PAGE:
something south Georgia folks see occasionally, but
few have seen one take an adult deer out to lunch.
Actually -- for lunch.
The photographs of this deer-eating alligator were
taken from the air by Terry Jenkins, a U.S. Fish and
Wildlife Service District Fire Management Officer.
She was preparing to ignite a prescribed fire at
Harris Neck National Wildlife Refuge, about 40 miles
south of Savannah, Georgia, on March 4, 2004.
“One advantage of fire work is you get to see that
12-14 footers are common from Santee National
Wildlife Refuge in South Carolina to Coastal South
Carolina to Georgia‚s coast,” said Jenkins. ”It
looks like the alligator population is doing
This one was at least 12-13 feet long. Jenkins said that some bull alligators have a 35-inch girth.
The Service uses a helicopter capable of igniting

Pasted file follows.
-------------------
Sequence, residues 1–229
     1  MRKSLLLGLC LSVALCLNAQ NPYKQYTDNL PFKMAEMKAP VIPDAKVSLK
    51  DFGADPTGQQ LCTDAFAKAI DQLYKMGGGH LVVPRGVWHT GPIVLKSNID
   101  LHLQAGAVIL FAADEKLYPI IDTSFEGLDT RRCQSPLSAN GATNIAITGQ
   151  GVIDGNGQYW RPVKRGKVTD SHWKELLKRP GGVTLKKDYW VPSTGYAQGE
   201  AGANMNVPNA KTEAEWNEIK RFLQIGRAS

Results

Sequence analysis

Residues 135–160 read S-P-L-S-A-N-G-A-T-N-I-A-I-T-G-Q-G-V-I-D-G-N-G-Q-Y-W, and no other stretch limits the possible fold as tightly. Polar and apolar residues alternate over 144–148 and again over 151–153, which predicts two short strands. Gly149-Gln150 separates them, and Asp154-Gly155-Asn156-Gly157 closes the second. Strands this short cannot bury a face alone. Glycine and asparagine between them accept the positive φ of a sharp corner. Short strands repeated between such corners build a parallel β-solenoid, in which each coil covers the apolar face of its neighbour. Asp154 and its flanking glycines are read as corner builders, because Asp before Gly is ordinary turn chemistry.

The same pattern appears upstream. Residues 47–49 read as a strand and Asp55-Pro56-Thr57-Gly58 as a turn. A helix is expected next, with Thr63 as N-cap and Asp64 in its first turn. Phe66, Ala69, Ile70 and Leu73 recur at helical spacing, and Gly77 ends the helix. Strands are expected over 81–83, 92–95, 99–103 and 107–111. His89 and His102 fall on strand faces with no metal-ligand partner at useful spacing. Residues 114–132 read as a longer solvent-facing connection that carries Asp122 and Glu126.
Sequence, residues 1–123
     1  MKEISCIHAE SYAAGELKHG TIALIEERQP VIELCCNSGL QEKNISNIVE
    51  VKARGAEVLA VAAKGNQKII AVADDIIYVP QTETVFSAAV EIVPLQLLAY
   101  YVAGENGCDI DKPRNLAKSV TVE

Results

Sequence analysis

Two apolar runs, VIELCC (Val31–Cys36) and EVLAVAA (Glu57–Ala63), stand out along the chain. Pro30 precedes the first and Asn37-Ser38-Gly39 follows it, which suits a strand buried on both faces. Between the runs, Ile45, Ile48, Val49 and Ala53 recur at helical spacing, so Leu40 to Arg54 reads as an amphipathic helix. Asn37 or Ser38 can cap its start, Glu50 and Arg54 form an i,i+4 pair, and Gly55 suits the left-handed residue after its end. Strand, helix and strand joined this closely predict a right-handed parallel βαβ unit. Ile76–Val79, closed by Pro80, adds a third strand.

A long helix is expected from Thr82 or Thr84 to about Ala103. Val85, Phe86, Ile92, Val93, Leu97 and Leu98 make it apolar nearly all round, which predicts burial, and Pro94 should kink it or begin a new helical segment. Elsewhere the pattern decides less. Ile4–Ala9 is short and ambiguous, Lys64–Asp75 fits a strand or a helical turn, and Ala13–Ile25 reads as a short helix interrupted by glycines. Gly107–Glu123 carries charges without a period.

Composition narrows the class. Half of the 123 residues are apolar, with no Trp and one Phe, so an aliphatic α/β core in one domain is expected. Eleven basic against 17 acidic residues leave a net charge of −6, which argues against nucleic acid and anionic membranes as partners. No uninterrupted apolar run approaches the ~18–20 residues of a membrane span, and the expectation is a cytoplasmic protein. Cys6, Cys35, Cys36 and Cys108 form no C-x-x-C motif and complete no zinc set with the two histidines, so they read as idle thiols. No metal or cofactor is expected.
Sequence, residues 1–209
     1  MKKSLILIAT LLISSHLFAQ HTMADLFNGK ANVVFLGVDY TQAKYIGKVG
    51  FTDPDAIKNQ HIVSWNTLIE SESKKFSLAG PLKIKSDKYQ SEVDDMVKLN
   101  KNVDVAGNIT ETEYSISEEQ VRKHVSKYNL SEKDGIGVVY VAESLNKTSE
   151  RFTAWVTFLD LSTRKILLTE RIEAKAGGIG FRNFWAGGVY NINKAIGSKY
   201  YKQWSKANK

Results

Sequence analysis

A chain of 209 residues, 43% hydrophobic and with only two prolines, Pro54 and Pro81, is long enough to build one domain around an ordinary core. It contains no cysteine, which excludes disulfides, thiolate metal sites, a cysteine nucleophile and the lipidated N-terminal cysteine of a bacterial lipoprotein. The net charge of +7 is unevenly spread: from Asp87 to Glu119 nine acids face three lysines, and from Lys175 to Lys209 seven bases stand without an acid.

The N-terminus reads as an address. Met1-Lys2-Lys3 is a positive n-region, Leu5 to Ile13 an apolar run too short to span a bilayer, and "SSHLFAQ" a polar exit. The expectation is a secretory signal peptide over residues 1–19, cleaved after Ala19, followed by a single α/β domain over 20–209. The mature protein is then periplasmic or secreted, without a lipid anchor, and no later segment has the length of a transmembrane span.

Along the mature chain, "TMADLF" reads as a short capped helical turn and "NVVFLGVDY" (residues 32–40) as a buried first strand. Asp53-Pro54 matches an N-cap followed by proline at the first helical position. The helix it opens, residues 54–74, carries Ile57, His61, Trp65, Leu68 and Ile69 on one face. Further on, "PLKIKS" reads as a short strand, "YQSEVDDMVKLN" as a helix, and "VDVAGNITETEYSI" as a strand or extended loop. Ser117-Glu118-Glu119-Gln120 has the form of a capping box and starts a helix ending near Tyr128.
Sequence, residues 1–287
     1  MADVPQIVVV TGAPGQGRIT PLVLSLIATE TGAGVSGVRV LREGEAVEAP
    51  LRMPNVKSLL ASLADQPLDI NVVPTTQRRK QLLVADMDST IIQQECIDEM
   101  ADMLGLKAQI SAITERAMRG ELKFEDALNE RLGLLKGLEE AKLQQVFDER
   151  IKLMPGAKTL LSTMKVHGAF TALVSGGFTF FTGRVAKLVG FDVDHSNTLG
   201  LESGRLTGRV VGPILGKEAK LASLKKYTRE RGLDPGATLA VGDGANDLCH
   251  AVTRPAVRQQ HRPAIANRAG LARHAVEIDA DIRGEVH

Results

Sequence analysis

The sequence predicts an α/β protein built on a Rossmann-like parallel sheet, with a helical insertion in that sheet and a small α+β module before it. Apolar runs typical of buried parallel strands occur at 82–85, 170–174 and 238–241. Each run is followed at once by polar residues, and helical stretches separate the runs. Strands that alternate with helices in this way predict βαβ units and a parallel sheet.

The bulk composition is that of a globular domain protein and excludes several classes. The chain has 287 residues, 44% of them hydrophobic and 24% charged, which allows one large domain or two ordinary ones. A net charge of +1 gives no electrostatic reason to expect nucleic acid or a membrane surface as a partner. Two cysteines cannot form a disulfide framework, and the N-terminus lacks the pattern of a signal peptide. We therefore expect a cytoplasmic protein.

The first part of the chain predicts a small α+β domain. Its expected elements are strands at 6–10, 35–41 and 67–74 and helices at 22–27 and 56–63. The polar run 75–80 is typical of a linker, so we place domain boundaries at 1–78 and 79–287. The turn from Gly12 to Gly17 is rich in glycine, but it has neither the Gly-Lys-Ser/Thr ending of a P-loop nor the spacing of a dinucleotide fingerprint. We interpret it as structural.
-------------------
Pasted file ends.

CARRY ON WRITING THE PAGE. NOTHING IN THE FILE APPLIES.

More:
controlled burns by dropping flaming fuel-filled ping
pong balls on pre-selected areas. Jenkins works
throughout parts of North Carolina, South Carolina
and Coastal Georgia refuges and fish hatcheries. The
Service uses prescribed fire to improve habitat and
reduce the risk of catastrophic wildfires.
If you‚re a deer hunter, the refuge hosts an archery
hunt on September 15-17, 2004 and a gun hunt
November 19, 2004 (only 150 permits will be
issued). For more information, and to obtain an
application, visit: http://harrisneck.fws.gov/
Applications must be received by August 31, 2004 at
Savannah Coastal Refuges, 1000 Business Center Drive,
Parkway Business Center, Suite 10, Savannah, Georgia,
The alligator will not be charged with hunting deer
out of season, animal cruelty, or any one of several
possible water quality violations. He may, however,
be charged with being one mean gator. If we could
catch him... Or wanted to...